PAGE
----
The increase in average
life expectancy during the 20th century is ranked as one of
society’s greatest achievements. The World Health Organisation (WHO) uses the chronological
age of 65 years as a definition of an elderly or older person (WHO, 2005).
Although it is a commonly used definition of old age, there is no general
agreement on the age at which a person becomes old. Likewise, the United
Nations does not have a standard criterion, but uses 60 years or above to refer
to older population. For the purpose of this essay, 60 years will be used to
define someone as an older person. The increase in the age of a population can be described by the Demographic
Transition Model, based on the population trends of two characteristics;
fertility rates (births rates) and death rates. Countries that are burdened by
an ageing population are usually in stage 4 or 5 of this transition model.
Fertility rates have declined through population policies e.g. family planning,
better education, economic prosperity and the changing status of women. People
are living longer as they have more wealth than before, advances in healthcare
and a better diet. The consequences of an ageing population can be both positive
and negative for a country, the impact on a country ranges from increased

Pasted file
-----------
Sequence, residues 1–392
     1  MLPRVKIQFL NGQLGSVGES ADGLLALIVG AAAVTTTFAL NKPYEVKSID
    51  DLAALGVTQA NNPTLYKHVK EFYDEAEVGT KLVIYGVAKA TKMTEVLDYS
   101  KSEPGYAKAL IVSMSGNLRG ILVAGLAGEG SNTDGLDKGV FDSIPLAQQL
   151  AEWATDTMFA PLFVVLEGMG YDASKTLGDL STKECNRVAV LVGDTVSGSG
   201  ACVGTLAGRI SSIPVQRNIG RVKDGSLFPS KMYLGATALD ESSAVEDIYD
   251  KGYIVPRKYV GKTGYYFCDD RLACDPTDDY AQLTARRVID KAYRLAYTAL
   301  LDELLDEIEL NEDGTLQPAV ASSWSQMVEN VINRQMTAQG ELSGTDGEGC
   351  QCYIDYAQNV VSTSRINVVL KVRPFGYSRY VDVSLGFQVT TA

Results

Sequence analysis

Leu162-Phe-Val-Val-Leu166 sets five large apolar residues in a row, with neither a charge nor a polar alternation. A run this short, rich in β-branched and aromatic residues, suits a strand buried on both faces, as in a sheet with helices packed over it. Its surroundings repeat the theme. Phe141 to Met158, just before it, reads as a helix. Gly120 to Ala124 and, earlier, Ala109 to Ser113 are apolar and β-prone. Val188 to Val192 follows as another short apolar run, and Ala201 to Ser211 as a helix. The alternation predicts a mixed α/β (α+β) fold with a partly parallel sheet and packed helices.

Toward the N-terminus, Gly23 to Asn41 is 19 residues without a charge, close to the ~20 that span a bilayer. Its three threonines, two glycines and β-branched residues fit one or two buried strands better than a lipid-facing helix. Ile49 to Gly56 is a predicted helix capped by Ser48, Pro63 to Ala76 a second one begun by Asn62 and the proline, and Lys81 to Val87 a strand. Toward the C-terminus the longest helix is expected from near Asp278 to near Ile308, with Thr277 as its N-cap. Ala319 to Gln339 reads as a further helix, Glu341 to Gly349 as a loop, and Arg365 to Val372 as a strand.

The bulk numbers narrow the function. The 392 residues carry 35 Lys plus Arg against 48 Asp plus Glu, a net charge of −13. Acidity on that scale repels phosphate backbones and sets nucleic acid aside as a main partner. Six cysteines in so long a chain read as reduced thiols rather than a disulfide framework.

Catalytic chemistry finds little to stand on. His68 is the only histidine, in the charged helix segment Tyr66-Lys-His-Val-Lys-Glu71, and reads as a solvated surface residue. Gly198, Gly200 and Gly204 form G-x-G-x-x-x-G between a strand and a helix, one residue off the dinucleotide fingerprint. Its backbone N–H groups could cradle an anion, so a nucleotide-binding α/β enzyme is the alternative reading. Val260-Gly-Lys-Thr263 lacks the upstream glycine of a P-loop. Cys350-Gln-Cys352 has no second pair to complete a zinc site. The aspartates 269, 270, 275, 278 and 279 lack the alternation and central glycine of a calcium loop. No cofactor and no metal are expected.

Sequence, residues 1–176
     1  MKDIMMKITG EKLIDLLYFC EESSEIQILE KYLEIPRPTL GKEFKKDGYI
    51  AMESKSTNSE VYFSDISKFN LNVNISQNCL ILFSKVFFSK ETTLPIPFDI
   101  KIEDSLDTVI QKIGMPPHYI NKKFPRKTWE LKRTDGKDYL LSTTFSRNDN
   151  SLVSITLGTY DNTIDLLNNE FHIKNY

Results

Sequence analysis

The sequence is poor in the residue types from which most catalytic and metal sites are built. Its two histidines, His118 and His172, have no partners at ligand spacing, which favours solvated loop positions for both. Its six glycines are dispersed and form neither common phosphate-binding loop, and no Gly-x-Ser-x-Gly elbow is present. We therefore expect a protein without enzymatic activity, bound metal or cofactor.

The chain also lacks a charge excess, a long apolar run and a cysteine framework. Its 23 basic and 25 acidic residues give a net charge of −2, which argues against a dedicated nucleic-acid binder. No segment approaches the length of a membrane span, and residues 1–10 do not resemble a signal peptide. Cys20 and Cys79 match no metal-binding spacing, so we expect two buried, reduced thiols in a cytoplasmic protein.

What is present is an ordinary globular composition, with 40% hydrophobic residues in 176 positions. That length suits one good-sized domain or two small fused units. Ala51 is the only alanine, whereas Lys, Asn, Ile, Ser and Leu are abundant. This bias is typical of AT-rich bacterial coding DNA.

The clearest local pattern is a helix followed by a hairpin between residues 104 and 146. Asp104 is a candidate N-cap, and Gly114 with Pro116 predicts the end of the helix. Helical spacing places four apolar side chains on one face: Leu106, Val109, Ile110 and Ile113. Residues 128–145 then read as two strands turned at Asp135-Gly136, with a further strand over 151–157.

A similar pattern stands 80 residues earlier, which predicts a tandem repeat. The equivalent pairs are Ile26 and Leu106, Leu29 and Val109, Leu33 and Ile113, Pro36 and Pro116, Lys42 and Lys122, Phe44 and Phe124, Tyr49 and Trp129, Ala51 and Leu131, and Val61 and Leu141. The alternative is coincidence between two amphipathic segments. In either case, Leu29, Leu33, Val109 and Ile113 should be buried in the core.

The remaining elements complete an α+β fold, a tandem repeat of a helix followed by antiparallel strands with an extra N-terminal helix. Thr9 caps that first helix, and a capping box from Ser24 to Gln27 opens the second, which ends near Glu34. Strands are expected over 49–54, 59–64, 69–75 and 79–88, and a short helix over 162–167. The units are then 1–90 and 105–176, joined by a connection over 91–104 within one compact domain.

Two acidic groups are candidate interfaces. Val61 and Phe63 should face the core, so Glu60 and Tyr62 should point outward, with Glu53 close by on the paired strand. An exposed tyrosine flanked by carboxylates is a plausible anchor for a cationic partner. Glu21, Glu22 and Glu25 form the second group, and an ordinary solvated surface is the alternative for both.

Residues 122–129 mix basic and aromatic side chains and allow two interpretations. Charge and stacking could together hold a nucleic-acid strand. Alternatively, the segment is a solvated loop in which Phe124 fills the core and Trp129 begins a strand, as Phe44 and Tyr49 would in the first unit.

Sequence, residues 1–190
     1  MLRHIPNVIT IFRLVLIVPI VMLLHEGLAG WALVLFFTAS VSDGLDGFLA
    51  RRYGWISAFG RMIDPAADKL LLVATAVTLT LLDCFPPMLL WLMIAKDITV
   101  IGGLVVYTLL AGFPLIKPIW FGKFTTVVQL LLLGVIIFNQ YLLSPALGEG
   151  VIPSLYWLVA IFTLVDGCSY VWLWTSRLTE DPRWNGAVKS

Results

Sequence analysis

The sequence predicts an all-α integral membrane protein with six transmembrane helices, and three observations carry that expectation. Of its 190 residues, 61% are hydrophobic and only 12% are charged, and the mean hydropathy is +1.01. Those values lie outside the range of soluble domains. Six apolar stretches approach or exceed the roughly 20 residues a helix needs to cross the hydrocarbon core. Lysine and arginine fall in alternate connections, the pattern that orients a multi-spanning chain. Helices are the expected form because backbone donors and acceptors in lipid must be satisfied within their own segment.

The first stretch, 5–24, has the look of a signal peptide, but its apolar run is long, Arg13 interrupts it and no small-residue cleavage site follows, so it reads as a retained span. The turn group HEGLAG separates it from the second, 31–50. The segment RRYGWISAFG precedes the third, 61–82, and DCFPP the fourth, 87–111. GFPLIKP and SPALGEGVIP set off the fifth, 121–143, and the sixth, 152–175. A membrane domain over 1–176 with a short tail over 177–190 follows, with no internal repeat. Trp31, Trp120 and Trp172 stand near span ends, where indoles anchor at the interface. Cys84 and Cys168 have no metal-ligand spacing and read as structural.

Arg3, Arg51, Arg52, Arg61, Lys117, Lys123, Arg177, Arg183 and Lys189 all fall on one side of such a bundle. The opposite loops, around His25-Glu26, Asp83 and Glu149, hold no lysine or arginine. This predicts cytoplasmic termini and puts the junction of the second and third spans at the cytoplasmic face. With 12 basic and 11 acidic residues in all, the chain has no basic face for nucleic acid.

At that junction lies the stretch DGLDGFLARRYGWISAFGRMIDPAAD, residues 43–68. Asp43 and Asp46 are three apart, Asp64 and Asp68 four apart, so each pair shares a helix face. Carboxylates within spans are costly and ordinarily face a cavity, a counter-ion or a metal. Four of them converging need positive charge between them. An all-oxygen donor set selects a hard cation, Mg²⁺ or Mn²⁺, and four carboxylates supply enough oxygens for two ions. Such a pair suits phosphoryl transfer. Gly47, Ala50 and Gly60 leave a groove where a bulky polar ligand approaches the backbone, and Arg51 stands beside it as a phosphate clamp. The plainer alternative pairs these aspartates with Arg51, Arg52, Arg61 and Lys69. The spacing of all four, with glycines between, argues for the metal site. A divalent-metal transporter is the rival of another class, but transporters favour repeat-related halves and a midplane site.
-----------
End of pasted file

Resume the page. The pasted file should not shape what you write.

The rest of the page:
government spending for services such as medical care and care homes for the
elderly, to less tax revenue for the government. Concerns over these trends has
led to discourses on the most effective policies to reverse or mitigate
consequences of ageing, such as reforming policy health or social policies to
ameliorate these negative consequences.
Ageing is a natural
process and whilst there is no deterministic relationship, it is generally
associated with morbidity and disability.
Not only should the health system be prepared for it, but also society
in general. Old age is not something to be fixed in hospitals or care homes,
although medical care is required. Pensions are crucial for providing income
support in old age, and well-funded pensions systems are a challenge. In
developing countries coverage of pensions tends to be low because of
informality in the labour market. Yet, although money is needed, old age policy
is not fundamentally about money. Elderly populations need companionship, and
meaningful activities in which to occupy their time. This requires social
organization, arrangements for families, and services.